Every ten years the Office for National Statistics (ONS) carries out a census to find out more about the people who live in England and Wales, and about the make-up of local neighbourhoods. The last census took place on Sunday 27 March 2011, when ONS sent out questionnaires to around 25 million households.
The census asks about work, health, national identity, citizenship, ethnic background, education, second homes, language, religion, marital status and so on. These statistics are then used to build a picture of today’s society.
Why should this matter?
Like all local authorities in England and Wales, the council relies on census population statistics to get the government funding we need for public services. How much we get is directly related to how many and what kind of people the census says live in our area. So even if the census were to end up just a few households short, it could make a very real difference to people's lives.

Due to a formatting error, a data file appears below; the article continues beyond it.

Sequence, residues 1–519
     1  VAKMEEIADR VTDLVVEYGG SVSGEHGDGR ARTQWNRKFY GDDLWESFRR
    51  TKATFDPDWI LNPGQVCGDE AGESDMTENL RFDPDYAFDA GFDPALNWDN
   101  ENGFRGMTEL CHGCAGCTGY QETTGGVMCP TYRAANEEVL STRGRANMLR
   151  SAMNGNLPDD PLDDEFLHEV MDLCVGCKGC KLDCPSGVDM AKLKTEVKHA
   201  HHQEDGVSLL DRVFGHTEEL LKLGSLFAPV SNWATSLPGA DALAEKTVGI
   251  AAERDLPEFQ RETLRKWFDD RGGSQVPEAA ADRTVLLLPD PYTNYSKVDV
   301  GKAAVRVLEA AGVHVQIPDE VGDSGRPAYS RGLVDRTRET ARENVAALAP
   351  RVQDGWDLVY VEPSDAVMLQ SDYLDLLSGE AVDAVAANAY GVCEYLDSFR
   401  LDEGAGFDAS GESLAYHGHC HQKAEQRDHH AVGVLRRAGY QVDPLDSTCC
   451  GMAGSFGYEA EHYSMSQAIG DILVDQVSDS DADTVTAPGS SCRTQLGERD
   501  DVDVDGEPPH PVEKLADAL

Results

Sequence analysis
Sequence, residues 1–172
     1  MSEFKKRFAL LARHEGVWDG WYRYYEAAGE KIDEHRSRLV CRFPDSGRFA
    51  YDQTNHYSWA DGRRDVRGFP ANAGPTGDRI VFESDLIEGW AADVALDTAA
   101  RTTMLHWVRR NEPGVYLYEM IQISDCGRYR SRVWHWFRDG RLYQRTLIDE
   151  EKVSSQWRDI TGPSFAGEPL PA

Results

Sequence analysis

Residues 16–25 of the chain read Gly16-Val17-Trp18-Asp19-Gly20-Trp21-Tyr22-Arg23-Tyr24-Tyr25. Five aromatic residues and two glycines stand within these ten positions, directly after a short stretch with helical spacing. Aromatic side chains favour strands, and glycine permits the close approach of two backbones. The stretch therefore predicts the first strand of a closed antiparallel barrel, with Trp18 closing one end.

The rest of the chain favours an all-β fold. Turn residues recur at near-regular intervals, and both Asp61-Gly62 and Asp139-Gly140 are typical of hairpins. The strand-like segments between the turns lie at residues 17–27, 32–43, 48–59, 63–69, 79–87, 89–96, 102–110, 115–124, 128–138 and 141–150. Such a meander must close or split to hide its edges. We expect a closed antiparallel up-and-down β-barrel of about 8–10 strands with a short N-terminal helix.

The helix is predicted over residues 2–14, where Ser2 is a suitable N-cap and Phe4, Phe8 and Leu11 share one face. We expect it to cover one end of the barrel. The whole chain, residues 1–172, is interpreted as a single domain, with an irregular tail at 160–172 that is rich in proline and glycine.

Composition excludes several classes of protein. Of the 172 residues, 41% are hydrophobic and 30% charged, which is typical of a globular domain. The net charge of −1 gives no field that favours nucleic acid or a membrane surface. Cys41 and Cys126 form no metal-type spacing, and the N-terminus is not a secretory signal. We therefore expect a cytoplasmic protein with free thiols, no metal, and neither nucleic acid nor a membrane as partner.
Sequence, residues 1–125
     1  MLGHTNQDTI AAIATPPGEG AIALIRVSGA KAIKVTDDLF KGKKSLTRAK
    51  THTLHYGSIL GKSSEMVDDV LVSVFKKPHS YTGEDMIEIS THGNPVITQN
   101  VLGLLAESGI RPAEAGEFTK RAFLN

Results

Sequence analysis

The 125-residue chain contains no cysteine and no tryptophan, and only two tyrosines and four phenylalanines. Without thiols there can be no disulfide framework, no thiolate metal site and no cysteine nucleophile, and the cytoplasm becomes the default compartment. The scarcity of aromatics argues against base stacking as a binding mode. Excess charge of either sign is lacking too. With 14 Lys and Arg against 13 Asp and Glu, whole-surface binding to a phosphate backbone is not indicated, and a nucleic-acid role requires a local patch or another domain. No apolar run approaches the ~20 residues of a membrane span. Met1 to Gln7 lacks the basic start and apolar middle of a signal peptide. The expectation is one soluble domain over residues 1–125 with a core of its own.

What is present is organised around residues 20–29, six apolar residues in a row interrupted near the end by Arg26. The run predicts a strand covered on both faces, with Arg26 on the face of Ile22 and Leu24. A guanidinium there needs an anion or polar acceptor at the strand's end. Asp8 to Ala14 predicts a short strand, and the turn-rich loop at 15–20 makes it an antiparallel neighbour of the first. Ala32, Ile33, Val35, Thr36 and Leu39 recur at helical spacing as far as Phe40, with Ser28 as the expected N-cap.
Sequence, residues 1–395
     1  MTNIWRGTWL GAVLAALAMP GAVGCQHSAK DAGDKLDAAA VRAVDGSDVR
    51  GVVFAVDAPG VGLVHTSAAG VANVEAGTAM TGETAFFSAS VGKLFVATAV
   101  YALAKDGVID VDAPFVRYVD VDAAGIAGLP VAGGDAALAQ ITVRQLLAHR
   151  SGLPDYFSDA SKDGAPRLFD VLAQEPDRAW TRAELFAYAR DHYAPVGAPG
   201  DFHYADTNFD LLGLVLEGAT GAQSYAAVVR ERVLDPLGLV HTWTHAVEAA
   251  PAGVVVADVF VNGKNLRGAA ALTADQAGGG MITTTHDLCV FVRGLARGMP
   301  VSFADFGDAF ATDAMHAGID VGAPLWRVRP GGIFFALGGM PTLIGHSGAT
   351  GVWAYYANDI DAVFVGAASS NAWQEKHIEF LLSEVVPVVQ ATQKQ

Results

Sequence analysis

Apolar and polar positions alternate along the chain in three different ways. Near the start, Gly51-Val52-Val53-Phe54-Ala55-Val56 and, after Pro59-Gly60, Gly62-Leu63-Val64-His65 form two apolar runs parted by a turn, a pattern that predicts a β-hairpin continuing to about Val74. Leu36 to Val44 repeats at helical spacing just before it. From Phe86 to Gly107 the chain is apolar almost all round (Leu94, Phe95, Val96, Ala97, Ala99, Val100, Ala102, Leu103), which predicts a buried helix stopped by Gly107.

The first batch of results was published on 16 July 2012 and has been summarised here for Newark and Sherwood:
- 48,800 households with at least one resident
- 100 short-term non-UK residents (short-term refers to people who have been, or intend to be, resident in the UK for less than 12 months
- Total population is 114,800
- 2,300 residents are living in communal establishments (defined as managed residential accommodation where there is full-time or part-time supervision of the accommodation)
The second release at a much smaller geographic area e.g. ward, parish and output area will be available from November 2012.